What’s the difficulty you see in the media requiring those who’ve been harassed and abused to keep publicly telling their stories and keep putting their trauma on display?
For so long, we’ve been relying on individual women to tell their stories of harassment and abuse. We hear their stories, we feel their pain, and then we move on, and structural change doesn’t come.
To me that seems unethical. Why do we expect the person with the least power to speak about traumatic incidents, over and over again, in the hope of inciting change? There’s no doubt in my mind the toll that it takes on these women.
You only have to look at someone like Brittney Higgins to appreciate that. The scrutiny she’s been under since she went public with an allegation of rape at Parliament House would be unbearable for a lot of survivors I think.
That’s not to say that there isn’t power in women owning their stories, and speaking publicly if they decide to—it’s just that there is a very high cost to doing so.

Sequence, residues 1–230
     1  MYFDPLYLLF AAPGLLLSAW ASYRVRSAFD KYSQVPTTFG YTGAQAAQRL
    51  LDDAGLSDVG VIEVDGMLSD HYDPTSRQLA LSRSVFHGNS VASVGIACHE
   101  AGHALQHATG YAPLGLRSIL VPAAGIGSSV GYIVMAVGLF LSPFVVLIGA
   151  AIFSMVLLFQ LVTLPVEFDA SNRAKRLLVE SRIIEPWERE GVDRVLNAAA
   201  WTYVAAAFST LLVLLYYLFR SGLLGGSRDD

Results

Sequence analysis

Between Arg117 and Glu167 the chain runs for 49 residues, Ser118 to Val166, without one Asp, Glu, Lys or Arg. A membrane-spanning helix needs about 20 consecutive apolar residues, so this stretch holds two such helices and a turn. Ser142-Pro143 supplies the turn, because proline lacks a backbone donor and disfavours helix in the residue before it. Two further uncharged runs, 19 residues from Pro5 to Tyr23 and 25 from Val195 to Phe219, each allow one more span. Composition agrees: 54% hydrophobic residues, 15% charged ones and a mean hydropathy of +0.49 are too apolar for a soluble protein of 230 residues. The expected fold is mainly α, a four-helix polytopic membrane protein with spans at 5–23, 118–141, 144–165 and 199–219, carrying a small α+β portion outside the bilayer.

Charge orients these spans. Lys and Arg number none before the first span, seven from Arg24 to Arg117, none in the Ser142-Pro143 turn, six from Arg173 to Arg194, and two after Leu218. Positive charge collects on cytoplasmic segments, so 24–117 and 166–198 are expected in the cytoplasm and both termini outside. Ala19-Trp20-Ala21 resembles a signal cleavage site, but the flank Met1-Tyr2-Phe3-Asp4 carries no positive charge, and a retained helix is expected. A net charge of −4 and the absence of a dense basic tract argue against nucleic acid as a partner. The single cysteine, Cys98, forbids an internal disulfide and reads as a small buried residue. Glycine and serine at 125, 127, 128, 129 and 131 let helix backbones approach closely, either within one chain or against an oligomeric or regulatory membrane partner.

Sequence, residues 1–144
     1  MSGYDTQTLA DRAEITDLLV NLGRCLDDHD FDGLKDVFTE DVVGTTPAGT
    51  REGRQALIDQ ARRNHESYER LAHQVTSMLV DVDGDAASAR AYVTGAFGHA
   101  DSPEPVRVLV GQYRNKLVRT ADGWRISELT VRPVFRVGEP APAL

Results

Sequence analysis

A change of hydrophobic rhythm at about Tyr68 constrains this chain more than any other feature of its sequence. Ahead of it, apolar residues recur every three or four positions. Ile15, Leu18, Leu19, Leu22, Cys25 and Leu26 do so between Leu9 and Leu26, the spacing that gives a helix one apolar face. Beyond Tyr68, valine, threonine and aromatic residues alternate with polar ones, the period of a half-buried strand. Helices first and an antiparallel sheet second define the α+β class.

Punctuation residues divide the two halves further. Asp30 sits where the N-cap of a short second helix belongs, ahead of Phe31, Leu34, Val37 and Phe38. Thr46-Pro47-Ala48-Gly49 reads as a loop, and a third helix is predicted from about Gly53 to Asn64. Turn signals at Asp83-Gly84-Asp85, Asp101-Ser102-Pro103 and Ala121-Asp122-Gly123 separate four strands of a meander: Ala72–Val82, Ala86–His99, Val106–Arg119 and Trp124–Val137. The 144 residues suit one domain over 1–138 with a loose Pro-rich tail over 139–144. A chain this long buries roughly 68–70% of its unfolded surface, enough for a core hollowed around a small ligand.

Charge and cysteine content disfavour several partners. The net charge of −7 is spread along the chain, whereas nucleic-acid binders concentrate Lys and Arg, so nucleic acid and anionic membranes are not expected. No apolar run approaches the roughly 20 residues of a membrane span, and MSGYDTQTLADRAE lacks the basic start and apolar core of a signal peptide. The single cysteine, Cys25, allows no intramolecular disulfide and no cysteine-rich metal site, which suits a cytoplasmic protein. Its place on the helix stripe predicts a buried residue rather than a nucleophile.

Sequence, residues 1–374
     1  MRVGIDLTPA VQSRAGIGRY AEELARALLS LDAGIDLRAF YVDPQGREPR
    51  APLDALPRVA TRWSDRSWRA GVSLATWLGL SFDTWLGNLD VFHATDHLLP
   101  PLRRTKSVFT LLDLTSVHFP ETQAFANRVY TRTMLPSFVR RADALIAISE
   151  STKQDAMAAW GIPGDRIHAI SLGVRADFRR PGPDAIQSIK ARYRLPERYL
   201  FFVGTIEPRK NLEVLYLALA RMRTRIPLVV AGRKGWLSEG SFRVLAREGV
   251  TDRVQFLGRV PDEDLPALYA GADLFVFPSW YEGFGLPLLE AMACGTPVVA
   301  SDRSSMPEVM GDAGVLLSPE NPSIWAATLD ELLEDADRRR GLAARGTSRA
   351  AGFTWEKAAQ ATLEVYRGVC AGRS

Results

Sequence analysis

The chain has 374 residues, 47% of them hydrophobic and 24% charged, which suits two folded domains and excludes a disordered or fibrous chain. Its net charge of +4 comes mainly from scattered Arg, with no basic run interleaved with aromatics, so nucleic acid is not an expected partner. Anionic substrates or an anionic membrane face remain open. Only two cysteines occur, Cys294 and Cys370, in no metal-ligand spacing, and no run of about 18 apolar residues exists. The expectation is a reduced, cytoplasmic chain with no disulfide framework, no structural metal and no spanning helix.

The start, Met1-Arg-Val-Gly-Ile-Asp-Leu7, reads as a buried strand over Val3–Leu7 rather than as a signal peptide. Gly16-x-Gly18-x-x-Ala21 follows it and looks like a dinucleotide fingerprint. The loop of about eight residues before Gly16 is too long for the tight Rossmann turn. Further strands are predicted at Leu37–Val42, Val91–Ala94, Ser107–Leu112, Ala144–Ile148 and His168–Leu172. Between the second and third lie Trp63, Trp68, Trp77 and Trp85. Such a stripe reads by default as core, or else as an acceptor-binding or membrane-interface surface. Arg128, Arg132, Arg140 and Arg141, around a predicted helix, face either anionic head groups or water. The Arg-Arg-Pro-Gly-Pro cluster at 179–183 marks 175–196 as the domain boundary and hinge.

To that end, I think the media needs to take a good look at the way we report harassment and abuse. Media outlets tend to focus on the victim, particularly if they seem like the right type of victim—young, white, beautiful—we make it all about them.
They become the face of the abuse. But to get real accountability you have to go beyond that—you have to go to the perpetrators, and ultimately the enablers too, the ones who allow this to happen, or who look the other way.
You have to see harassment, abuse and assault for what they are: systemic problems in society, not one-off decisions made by individual bad men.